ABSTRACT: In the empirical and clinical literature, complex posttraumatic stress disorder (PTSD) and personality disorders (PDs) are suggested to be predictive of drop-out or reduced treatment effectiveness in trauma-focused PTSD treatment. In this study, we aimed to investigate if personality characteristics would predict treatment compliance and effectiveness in stabilizing complex PTSD treatment. In a randomized controlled trial on a 20-week stabilizing group cognitive behavioral treatment (CBT) for child-abuse-related complex PTSD, we included 71 patients of whom 38 were randomized to a psycho-educational and cognitive behavioral stabilizing group treatment. We compared the patients with few PD symptoms (adaptive) (N=14) with the non-adaptive patients (N=24) as revealed by a cluster analysis. We found that non-adaptive patients compared to the adaptive patients showed very low drop-out rates. Both non-adaptive patients, classified with highly different personality profiles "withdrawn" and "aggressive," were equally compliant. With regard to symptom reduction, we found no significant differences between subtypes. Post-hoc, patients with a PD showed lower drop-out rates and higher effect sizes in terms of complex PTSD severity, especially on domains that affect regulation and interpersonal problems. Contrary to our expectations, these preliminary findings indicate that this treatment is well tolerated by patients with a variety of personality pathology. Larger sample sizes are needed to study effectiveness for subgroups of complex PTSD patients.European Journal of Psychotraumatology 11/2013; 4. DOI:10.3402/ejpt.v4i0.21171 · 2.40 Impact Factor
- "An investigation of the treatment effects following a 4-month intensive inpatient program of psychotherapy and supportive treatment for PTSD patients revealed that the reduction in symptoms of PTSD had not persisted at 18 months (Johnson et al., 1996). LTFU studies of psychotherapies such as Eye Movement Desensitization and Reprocessing (EMDR) (Edmond and Rubin, 2004; Van der Kolk et al., 2007; Zimmermann et al., 2007; Hogberg et al., 2008), as well as cognitive behavioral and psycho-educational treatments (Solomon et al., 2005; Dorrepaal et al., 2010) show that benefits can be maintained. Practice guidelines for the treatment of PTSD accept the need for replication of previous studies, as well as the need for novel treatments, more specifically pharmacological agents that could augment psychotherapy (Benedek et al., 2009). "
Article: Mithoefer MC, Wagner MT, Mithoefer AT, Jerome L, Martin SF, Yazar-Klosinski B et al. Durability of improvement in post-traumatic stress disorder symptoms and absence of harmful effects or drug dependency after 3,4-methylenedioxymethamphetamine-assisted psychotherapy: a prospective long-term follow-up study. J Psychopharmacol 27: 28-39[Show abstract] [Hide abstract]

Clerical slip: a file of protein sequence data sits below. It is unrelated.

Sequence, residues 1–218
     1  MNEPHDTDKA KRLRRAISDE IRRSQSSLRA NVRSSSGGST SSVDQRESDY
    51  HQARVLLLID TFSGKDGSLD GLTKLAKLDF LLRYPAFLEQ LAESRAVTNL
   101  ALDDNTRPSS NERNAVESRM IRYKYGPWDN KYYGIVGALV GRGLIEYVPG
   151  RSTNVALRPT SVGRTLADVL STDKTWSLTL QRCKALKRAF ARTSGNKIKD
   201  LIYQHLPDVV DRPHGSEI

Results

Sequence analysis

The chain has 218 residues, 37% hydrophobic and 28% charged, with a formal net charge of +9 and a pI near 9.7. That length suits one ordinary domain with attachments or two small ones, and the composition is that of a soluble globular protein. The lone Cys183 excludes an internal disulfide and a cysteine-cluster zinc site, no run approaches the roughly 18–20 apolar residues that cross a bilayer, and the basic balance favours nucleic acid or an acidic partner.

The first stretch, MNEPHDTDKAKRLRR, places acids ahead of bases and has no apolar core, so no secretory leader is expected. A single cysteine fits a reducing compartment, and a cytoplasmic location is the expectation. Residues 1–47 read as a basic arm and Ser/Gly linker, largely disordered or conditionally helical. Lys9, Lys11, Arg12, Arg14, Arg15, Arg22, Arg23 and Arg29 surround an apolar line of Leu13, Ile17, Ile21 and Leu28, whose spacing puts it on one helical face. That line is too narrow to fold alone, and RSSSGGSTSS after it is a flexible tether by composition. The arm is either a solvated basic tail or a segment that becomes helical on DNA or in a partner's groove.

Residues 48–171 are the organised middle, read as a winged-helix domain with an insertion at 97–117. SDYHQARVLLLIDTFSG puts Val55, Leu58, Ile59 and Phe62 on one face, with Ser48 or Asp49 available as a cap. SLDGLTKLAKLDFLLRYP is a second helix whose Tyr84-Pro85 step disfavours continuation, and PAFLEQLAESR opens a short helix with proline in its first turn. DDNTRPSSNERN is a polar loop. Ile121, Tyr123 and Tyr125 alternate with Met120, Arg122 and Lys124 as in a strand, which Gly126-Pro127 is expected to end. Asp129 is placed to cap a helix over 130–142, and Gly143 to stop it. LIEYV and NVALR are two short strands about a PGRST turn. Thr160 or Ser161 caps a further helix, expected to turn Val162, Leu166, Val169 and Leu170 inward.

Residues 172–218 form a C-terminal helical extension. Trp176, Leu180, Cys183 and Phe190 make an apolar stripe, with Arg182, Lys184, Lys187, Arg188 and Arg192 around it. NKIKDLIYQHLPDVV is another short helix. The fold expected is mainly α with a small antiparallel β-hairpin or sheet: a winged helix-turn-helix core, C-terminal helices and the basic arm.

ABSTRACT: We report follow-up data evaluating the long-term outcomes for the first completed trial of 3,4-methylenedioxymethamphetamine (MDMA)-assisted psychotherapy for chronic, treatment-resistant post-traumatic stress disorder (PTSD) (Mithoefer et al., 2011). All of the 19 subjects who received MDMA-assisted treatment in the original trial participated in the long-term follow-up (LTFU), with 16 out of 19 completing all of the long-term outcome measures, which were administered from 17 to 74 months after the original study's final MDMA session (mean = 45.4; SD = 17.3). Our primary outcome measure used was the Clinician-Administered PTSD Scale (CAPS). Secondary outcome measures were the Impact of Events Scale-Revised (IES-R) and the Neuroticism Extroversion Oppenness Personality Inventory-Revised (NEO PI-R) Personality Inventory. We also collected a long-term follow-up questionnaire. Results for the 16 CAPS completers showed there were no statistical differences between mean CAPS score at LTFU (mean = 23.7; SD = 22.8) (t(matched) = 0.1; df = 15, p = 0.91) and the mean CAPS score previously obtained at Study Exit (mean = 24.6, SD = 18.6). On average, subjects maintained statistically and clinically-significant gains in symptom relief, although two of these subjects did relapse. It was promising that we found the majority of these subjects with previously severe PTSD who were unresponsive to existing treatments had symptomatic relief provided by MDMA-assisted psychotherapy that persisted over time, with no subjects reporting harm from participation in the study.Journal of Psychopharmacology 11/2012; 27(1). DOI:10.1177/0269881112456611 · 3.59 Impact Factor